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Senators urge dropping barriers to refinance

Both of California’s U.S. Senators are among more than a dozen from both sides of the aisle who urged the Obama Administration today to make administrative reforms to help millions of responsible homeowners refinance and take advantage of today’s record-low interest rates.

The lawmakers – writing to Housing and Urban Development Secretary Shaun Donovan, Treasury Secretary Timothy Geithner, National Economic Council Director Gene Sperling and Federal Housing Finance Agency Acting Director Edward DeMarco – said that with interest rates at 3.94 percent, it’s time to lower barriers that keep borrowers trapped in higher-interest loans and to address other hurdles that limit existing refinancing programs.

Specifically, they called for removing loan-to-value limits, which they said would provide the most at-risk borrowers an alternative to simply walking away from their mortgage; eliminating loan level price adjustments, which they say make a refinance less affordable, reduce the benefit to the borrower, and can’t be justified on loans on which Fannie Mae and Freddie Mac already bear the risk; and ensuring that second lien holders don’t stand in the way of a refinance.

“Time is of the essence and we urge you to act quickly and aggressively to ensure that responsible homeowners receive the full benefit of these lower rates,” they wrote.

In addition to U.S. Senators Barbara Boxer, D-Calif., and Dianne Feinstein, D-Calif., the letter was signed by Johnny Isakson, R-Ga.; Robert Menendez, D-N.J.; Mark Begich, D-Alaska; Jeff Merkley, D-Ore.; Sheldon Whitehouse, D-R.I; Debbie Stabenow, D-Mich.; Scott Brown, R-Mass.; Robert Casey Jr., D-Pa.; Richard Burr, R-N.C.; Frank Lautenberg, D-N.J.; John Kerry, D-Mass.; Mark Warner, D-Va.; Saxby Chambliss, R-Ga.; and Ron Wyden, D-Ore.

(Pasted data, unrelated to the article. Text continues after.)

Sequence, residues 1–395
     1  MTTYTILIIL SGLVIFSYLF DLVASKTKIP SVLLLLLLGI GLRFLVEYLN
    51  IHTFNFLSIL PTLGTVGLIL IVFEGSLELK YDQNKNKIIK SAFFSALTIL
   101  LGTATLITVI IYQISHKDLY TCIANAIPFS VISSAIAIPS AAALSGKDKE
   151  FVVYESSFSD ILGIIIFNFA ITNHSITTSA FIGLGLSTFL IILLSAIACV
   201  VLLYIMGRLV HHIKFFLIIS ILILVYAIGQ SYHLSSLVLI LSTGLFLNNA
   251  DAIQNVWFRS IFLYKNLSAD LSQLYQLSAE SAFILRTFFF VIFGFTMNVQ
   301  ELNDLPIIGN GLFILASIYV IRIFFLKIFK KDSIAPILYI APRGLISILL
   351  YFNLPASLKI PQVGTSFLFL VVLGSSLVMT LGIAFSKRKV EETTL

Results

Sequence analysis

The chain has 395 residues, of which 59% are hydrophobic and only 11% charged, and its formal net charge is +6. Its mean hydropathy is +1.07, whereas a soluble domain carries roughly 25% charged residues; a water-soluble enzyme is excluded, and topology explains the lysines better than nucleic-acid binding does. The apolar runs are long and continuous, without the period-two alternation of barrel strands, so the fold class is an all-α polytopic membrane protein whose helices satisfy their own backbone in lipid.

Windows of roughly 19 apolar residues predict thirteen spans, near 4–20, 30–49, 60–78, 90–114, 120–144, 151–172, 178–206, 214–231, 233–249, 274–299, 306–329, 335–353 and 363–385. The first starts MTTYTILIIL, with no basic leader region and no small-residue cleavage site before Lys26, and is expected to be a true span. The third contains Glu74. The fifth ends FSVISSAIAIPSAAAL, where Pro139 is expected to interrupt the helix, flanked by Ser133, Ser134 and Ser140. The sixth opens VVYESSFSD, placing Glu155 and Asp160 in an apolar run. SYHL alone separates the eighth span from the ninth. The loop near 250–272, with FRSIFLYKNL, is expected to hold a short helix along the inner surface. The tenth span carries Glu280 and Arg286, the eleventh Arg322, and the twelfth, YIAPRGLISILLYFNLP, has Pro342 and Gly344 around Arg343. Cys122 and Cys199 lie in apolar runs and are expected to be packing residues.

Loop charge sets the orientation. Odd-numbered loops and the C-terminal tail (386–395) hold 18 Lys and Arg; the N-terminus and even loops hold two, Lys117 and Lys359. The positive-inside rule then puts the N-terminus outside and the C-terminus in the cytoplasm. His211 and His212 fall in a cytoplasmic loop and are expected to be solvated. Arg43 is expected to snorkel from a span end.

Read the full text of the letter, after the jump…
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Throwing down on the AIG bonuses

Here’s what U.S. Sen. Barbara Boxer, D-Calif., had to say on the Senate floor today about the $165 million in bonuses being paid out to executive and top employees at AIG, the insurance giant which recently received about $170 billion in taxpayer funds as a bailout to prevent bankruptcy:

This Associated Press article does a good job of putting the bonuses in context, at least to some extent. People are angry that AIG employees seem to be richly rewarded for catastrophic failure that has put the world economy at risk, and that’s entirely understandable, but the truth is: this bonus incentive system is how Wall Street works, and perhaps the politicians’ ire would’ve been more helpful before all the papers were signed and our money handed over, back when it would’ve been easier to re-open the AIG workers’ contracts and deal with this issue.

Anyway, some more of your voices in Congress speak out about the AIG bonuses, after the jump…
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